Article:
15
Jun

2015

Porto/Gaia Part 1, Teleférico de Gaia

Post by Gondola Project

Teleférico de Gaia at bottom station. Image by Nicholas Chu.

Teleférico de Gaia integrated into the urban environment. Image by Nicholas Chu.

The Teleférico de Gaia graces Portugal’s second largest city, Porto – a charming, old-world burg built on the steep banks of the Douro River. The system has been operational since 2011, but has yet to catch people’s attention outside of Portugal — and arguably even within Portugal itself.

It is difficult to ascertain exactly why, but there are many possible reasons. For one, there’s nothing particularly controversial (for better or for worse) about the system from a reporter’s perspective. So naturally, the media hasn’t picked it up.

After all, in this day and age of instant gratification and internet rage, a news story about a well designed and integrated gondola isn’t exactly headline material for major media outlets. This is unfortunate since the Teleférico de Gaia deserves a lot more credit and attention that it has garnered so far.

Maybe this system tour will help break the silence and shed some light on an important urban cable car.

JOURNEY BEGINS

Like many tourists, I started my journey in the picturesque and compact Ribeira district, Porto’s historic city centre and UNESCO Heritage Site. From here, it was a short 10-minute walk across the river on the lower deck of the Dom Luis I Bridge to the system’s bottom station in Vila Nova de Gaia (a separate municipality, but largely considered de rigeur on any Porto visitor’s itinerary).

Unlike other highly commercialized European destinations, Porto remains “unspoiled” (at least for the time being). The character and composition of its neighbourhoods have largely remained untouched. They are as they were hundreds of years ago. Portugal, with its comparatively lower prices and offerings of a “genuine” tourist experience, has made it one of Europe’s top 10 destinations where tourism has exploded in recent times.

LOCATION




As mentioned earlier, the cable car is located entirely within Vila Nova de Gaia or simply Gaia – a municipality south of Porto and the Douro River. However, the cable car takes passengers on an aerial trip that provides panoramic views of both cities.

As the city is known as the birthplace of port wine, the system’s bottom station is strategically located in the heart of Cais de Gaia and all the Port Wine Cellars. From here, visitors can indulge in over 20 wine tasting tours and in an eclectic mix of restaurants and shops.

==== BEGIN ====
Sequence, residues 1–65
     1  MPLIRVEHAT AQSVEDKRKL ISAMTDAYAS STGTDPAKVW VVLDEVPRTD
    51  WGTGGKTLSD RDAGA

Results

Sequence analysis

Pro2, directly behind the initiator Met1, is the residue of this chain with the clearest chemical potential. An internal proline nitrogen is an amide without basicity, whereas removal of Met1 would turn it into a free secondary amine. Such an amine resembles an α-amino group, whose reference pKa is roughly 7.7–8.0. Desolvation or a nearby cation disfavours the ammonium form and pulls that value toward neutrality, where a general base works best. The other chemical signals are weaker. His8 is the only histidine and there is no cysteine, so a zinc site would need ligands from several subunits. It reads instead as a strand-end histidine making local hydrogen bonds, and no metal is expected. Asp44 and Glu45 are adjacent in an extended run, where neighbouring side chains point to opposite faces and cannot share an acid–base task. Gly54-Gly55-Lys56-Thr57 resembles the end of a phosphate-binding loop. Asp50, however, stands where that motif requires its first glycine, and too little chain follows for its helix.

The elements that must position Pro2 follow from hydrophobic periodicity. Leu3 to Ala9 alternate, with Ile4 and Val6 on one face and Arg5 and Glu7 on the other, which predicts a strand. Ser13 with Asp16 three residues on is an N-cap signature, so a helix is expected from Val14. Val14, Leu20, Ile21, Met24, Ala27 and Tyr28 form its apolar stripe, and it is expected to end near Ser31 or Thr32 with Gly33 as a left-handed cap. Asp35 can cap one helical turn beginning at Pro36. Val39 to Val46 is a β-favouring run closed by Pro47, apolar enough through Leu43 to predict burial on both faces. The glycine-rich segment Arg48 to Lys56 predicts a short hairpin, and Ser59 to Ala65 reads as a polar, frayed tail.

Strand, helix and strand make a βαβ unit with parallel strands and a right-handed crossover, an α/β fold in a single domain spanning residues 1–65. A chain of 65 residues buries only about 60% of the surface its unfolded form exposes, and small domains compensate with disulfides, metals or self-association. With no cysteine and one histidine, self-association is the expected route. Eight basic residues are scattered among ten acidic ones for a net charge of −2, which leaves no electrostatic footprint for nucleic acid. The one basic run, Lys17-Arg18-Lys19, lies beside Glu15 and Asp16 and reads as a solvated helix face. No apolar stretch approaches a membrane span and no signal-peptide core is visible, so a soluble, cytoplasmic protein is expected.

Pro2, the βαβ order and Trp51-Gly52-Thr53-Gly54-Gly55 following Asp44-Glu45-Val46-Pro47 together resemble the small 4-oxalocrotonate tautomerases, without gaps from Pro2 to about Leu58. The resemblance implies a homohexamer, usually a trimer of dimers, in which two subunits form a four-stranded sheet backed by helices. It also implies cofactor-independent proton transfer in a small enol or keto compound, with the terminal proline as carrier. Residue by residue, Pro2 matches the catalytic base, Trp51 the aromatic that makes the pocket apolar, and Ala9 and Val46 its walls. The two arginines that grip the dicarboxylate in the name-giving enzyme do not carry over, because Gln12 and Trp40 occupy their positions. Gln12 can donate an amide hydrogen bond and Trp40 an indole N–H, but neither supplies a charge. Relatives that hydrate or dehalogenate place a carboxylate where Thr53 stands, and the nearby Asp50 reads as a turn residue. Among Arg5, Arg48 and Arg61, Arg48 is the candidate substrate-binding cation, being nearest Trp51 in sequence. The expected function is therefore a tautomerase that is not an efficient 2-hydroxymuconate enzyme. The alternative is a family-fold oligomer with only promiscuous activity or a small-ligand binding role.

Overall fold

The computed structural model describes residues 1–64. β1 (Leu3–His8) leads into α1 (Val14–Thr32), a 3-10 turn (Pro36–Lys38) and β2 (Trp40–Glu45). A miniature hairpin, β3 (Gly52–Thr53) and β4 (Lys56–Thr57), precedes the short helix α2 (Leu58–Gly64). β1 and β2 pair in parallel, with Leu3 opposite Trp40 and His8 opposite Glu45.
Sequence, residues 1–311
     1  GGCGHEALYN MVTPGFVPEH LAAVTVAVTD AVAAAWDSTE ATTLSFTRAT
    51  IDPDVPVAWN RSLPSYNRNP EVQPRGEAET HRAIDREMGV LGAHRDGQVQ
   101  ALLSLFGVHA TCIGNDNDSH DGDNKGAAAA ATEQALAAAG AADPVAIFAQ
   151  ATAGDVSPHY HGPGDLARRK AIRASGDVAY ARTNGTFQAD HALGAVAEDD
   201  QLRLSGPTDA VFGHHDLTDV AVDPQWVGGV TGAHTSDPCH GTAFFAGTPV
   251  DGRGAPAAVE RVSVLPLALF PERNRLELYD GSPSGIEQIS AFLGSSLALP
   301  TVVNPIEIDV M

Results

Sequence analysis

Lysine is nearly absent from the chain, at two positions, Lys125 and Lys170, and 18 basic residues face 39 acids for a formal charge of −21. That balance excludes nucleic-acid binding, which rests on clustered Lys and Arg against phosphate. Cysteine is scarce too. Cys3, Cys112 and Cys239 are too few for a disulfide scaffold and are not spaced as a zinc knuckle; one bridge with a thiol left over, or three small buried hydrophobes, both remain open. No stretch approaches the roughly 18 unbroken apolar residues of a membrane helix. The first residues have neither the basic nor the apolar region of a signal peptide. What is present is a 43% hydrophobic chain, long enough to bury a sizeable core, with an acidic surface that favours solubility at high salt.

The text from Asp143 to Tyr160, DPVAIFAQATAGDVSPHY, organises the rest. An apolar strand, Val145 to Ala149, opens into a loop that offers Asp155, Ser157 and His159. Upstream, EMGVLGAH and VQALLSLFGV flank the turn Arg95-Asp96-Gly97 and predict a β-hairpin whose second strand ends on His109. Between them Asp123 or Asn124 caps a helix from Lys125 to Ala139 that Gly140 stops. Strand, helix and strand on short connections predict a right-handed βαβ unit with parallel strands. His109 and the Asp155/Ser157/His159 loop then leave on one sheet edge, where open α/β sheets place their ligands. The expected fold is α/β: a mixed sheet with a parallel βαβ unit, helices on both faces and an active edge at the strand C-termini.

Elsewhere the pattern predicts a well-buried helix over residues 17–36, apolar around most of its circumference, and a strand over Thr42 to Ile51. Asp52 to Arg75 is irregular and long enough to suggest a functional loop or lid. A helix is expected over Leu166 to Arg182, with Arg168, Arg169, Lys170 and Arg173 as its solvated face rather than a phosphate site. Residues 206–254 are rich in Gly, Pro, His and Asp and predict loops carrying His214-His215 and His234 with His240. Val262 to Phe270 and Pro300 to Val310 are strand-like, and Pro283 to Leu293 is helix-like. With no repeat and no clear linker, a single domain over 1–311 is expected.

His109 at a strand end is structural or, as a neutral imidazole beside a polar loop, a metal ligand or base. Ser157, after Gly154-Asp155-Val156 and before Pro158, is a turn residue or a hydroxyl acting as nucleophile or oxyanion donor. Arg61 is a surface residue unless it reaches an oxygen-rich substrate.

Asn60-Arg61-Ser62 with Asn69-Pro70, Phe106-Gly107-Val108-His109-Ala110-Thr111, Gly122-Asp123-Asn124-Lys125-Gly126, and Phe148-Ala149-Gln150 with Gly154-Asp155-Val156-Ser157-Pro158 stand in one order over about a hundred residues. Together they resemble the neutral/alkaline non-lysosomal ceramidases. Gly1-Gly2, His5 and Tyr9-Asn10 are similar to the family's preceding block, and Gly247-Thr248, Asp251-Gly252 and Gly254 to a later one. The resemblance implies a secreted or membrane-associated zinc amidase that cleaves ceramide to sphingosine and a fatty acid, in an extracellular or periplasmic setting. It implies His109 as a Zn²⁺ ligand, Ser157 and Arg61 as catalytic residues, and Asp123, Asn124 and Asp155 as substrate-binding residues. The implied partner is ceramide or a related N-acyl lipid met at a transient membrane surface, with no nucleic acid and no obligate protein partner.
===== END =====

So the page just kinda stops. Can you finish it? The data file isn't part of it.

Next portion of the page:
Restaurants located in converted train cars a few steps from the bottom station. Image by Nicholas Chu.

Restaurants located in converted train cars a few steps from the bottom station. Image by Nicholas Chu.

SYSTEM

A cable car plan was originally conceived to travel across the Douro River, connecting the municipalities of Vila Nova de Gaia and Porto. However, this plan never materialized and the city chose instead to realize the existing alignment.

The cable car was a private investment with Etemar and Telef forming the consortium responsible for the system’s implementation while Doppelmayr was the ropeway supplier.

At 562m in length, a trip time of 3-5 minutes, 940 pphpd and 3 towers, this is a relatively simple MDG gondola. The system was built for €10 million in about two years. This price and construction timeline may seem high for such a modest system but as was explained to me during the site visit, it faced several contextual challenges.

For one, the top station was located on solid rock next to residential homes. To build the station, this required the tedious and slow process of carefully excavating the rock while minimizing disturbances to its neighbours.

Secondly, special precautions and deep foundations were needed for the bottom station and its 32m high intermediate tower as they were built on reclaimed land. These components had to be reinforced to ensure that the system remained unaffected by ground movements.

32m intermediate tower. Image by Nicholas Chu.

32m intermediate tower. Image by Nicholas Chu.

TRANSPORTATION

From a transportation perspective, the cable car is arguably a transport planner’s dream. In fact, from a bigger picture, Porto’s multi-modal transit network is a fascinating case study itself — definitely worthy of a lengthier analysis but is beyond the scope of this post.

From the top station, you appreciate the cable car’s high level of connectivity. Within literally 10 steps, passengers have access to three kinds of transport: Cable Car, Shuttle Bus, and the Jardim do Morro Metro Station.

Travel to the cable car couldn’t be any easier. Notwithstanding traditional transit options, there are also many ‘hop-on hop-off’ sightseeing tour buses with stops just steps from the cable car. Cruise ships are also available at the bottom station.